If Reid harbors any ill will against his former employer, he isn't willing to admit it publicly. He and Lurie remain close. At Lurie's request, Reid said he talked to "a few" of the candidates Lurie interviewed in January to be his successor, including Chip Kelly.
"The main thing I wanted out of it was those players and that organization, the city included, to have a good head coach," Reid said. "I don't want anybody to suffer because the head coach got fired.
"I think Chip Kelly is a good head coach. I think it was a great pick. It gives the players an opportunity to win games. It gives the city an opportunity to win games. It gives Jeffrey and the organization a chance to win games. That's what's more important."
Predictably, Reid has been saying all the right things. He has no reason not to, as his departure from Philadelphia was not unexpected or unwarranted. Reid knew his time was done in Philly, and he landed on his feet in a much better situation for him in Kansas City.
Starting the season 3-0 in a division that, with Denver's injury issues, suddenly looks winnable is far more important to Reid than coming back to Philadelphia for any kind of vengeance.
Winning the game seems paramount to beating the Eagles, if that makes any sense.
For Kelly, the same rings true, but for the fans and the players and, hell, even the owner and general manager and ticket-takers and crab-fry vendors, this game is more about beating Reid than anything else.
For some, sure, Reid's return is not much more than talk-show fodder over a short football week. For others, though—for the diehards who live and breathe Eagles green—this win means more than making the playoffs in Kelly's first year.
This win would exorcise the demons for some irrational fans, and while Kelly certainly doesn't look at any game that way, he has to realize there are some in his town who do.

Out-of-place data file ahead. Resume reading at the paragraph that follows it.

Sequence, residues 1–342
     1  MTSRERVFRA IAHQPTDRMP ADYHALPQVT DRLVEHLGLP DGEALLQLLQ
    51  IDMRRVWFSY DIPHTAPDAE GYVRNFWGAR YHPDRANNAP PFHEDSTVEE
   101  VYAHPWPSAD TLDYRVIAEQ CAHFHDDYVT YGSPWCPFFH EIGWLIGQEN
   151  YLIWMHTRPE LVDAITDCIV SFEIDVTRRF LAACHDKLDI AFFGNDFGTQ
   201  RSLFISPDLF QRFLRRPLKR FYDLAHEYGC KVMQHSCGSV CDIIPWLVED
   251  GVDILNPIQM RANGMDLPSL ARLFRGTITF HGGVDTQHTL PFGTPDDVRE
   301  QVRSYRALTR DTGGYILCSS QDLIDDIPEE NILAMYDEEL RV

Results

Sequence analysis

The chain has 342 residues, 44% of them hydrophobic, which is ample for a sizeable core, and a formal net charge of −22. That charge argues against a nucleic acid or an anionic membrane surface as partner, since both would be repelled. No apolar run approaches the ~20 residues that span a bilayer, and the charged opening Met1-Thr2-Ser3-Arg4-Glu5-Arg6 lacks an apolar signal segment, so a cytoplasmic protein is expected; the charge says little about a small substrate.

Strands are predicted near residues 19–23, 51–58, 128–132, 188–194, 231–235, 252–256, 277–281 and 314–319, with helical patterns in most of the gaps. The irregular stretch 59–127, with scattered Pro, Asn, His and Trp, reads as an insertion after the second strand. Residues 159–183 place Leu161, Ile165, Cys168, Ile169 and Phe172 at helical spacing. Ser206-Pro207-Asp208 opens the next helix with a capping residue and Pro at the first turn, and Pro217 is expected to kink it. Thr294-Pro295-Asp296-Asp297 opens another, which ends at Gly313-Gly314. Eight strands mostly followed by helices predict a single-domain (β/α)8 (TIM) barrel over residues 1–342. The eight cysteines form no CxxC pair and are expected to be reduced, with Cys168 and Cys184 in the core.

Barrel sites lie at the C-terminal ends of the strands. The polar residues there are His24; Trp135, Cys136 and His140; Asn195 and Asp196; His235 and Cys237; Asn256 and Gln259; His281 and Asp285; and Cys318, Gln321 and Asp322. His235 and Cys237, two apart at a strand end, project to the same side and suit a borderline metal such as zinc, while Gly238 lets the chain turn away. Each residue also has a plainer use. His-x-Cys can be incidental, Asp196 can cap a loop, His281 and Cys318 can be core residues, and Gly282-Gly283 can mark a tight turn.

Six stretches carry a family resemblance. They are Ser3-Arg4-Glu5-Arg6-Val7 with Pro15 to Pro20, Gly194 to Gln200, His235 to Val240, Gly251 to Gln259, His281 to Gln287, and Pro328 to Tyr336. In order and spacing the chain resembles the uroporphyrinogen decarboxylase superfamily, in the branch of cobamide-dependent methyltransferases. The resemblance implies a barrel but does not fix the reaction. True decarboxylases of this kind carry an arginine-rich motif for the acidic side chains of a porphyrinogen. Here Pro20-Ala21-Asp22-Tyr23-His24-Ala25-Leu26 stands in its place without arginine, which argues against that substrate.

There are people on the other sideline who may as well. While Reid shouldn't come into the game with a chip on his shoulder, there are some members of his staff who clearly do.
Ashley Fox spoke with both David Culley, Reid's assistant head coach, and Rick Burkholder, his team trainer, who both talked about how special the return is going to be. Culley told Fox, "I want to kick their butt," while Burkholder—always a guy who has worn his heart on his sleeve—said he would be "pumped" and offered a little shot at the fans on his way back into town.
The pressure's so great in that city. It just wears you down. Ten [wins] is not good enough. If he wins 10 games for 10 years in this city they'll put a statue of him outside of Arrowhead. He won 10 games for 10 years in Philly basically and still in the end it wasn't enough.
That right there is a perfect window into how the Reid era will be remembered. If Kelly flames out and heads back to college after two or three seasons and the Eagles run through four or five head coaches over the next 15 years, the prevailing sentiment will be that Reid was underappreciated throughout his time in Philadelphia.
If Kelly revolutionizes the game and wins a Super Bowl or two, Reid's legacy will be diminished.
Reid never won 10 games for 10 years in Philly, by the way. On average, almost, but in Reid's 14 seasons in Philadelphia, the team won double-digit regular-season games eight times, getting to the playoffs at 9-6-1 another year as well. In his final six seasons in town, Reid won 50 regular-season games, which is just over eight wins per season.
It's Reid's playoff losses that are remembered more than his regular-season wins.
Reid is a good coach, a seemingly nice man and a gruff personality with media and fans. He will always be remembered as a coach who doesn't run the ball enough, has terrible clock-management skills and who never won a Super Bowl. That won't ever change.
Reid is who he is, whether he's wearing green or red.
Kelly is who he is too, whether he's calling plays against the guy who used to work in his office or one of the division rivals he'll face twice a year for as long as he's in town.
This game shouldn't be as important as it seems, but this is Philly, where everything seems more important than it is.
The game certainly matters for Reid, though, and because of how much Reid still matters to the fans, winning the game must matter more for Kelly.